Nathan Bell @Celtic Connections. Oran Mor, Glasgow: 2nd February 2017

Nathan Bell , a troubadour in the tradition of Townes Van Zandt and Steve Earle, was sandwiched in between two rather noisy acts for this, his Scottish debut. The fans had packed Oran Mor for the headliner James McMurtry and had been warmed up by the opening act, Alice Drinks The Kool Aid. This peculiarly named act turned out to be an old style blues trio (and yes, from Chicago) who turned in a set that reeked of student unions back in the seventies when everyone and their dog covered Cream and Taste. That may be a tad unfair as the sound system wasn’t doing them any favours but it has been a long long time since I heard a bass solo in a 12 bar workout. Their USP was the fact that guitarist and singer Tony Magee runs a brewery, Lagunitas, and he had donated a keg of his IPA to the bar offering all present free beer until the keg ran dry. So more power to his elbow then and in truth the band did offer up some fine ZZ Top styled boogie.

It was a raucous crowd then that faced Bell when he bounced onto the stage but within minutes he had them transfixed with barely a murmur to be heard, his confident delivery and wry humour demanding attention. He’d done his homework; commenting on the rapt attention of the by now well behaved audience he wondered aloud if he was in Edinburgh instead of Glasgow, a comment greeted by hoots of appreciation. There were several such bon mots delivered throughout his short set but there was a deadly seriousness contained within his songs which address the everyday struggles of the American working man. Since his return to the music scene (a Nashville contender in the eighties and then a jobbing worker for 20 odd years), Bell has released a series of albums that investigate life, work and family in the American rustbelt. His work is akin to that of Rod Picott while some have compared him to Springsteen circa Nebraska. Tonight he delivered a series of deeply affecting songs, his voice strong and his guitar playing more than accomplished as witnessed on the wonderful coda to I Don’t Do This For Love, I Do This For Love, the title song from his latest album. All You Carry and Jesus Of Gary, Indiana were powerful salutes to the fortitude of the working man while Rust, from his Black Crow Blue album was a lamentation worthy of Van Zandt himself. Another song from that album, Crow in Oklahoma, saw Bell delivering a talking blues that recalled Johnny Cash’s Native American songs with his emotive wails reminiscent of Peter Rowan’s Land Of The Navajo.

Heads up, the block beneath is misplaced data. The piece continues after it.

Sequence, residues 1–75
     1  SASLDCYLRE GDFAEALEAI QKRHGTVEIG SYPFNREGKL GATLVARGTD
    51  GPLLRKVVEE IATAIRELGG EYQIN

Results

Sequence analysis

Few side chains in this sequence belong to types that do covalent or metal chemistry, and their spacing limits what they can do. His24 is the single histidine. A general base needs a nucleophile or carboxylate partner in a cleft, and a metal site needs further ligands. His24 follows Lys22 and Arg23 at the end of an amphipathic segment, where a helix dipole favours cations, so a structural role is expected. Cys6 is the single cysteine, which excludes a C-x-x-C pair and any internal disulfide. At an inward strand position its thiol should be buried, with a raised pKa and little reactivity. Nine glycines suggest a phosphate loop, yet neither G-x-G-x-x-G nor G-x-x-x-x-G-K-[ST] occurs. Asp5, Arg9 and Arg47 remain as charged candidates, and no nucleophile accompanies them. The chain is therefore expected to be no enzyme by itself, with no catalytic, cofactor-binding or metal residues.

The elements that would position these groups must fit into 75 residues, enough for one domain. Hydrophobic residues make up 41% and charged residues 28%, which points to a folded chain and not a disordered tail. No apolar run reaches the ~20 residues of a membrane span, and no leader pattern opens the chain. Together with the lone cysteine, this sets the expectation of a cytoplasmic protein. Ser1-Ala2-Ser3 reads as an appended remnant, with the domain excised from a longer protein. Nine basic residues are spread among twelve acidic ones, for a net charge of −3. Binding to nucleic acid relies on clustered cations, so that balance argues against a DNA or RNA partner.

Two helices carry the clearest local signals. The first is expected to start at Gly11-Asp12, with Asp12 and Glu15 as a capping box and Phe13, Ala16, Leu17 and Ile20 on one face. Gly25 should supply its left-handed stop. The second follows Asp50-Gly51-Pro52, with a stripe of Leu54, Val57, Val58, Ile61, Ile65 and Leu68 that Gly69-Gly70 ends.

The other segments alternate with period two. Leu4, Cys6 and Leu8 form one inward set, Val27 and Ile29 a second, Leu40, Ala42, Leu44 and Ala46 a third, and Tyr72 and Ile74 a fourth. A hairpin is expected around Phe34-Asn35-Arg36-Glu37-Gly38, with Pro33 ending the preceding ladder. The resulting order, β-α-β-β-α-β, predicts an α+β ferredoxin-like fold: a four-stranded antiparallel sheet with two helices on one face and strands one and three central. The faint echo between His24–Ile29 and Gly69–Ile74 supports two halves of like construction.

No fan of the new President Bell announced that he has put back his latest instalment of his Family Man series of releases for a guerrilla release of protest songs called Love Fear-48 Hours In Traitorland, due out soon. A song from this album he had the audience pumping their fists in the air for an anthemic call to arms. Gruff and tender with a poet’s voice and a sincere sense of justice Bell is the real deal and we await his return with fingers crossed. In the meantime he has a few shows across the UK in the next week so do yourself a favour and catch this true American troubadour. You won’t be disappointed

Author: Paul Kerr

Still searching for the Holy Grail, a 10/10 album, so keep sending them in.

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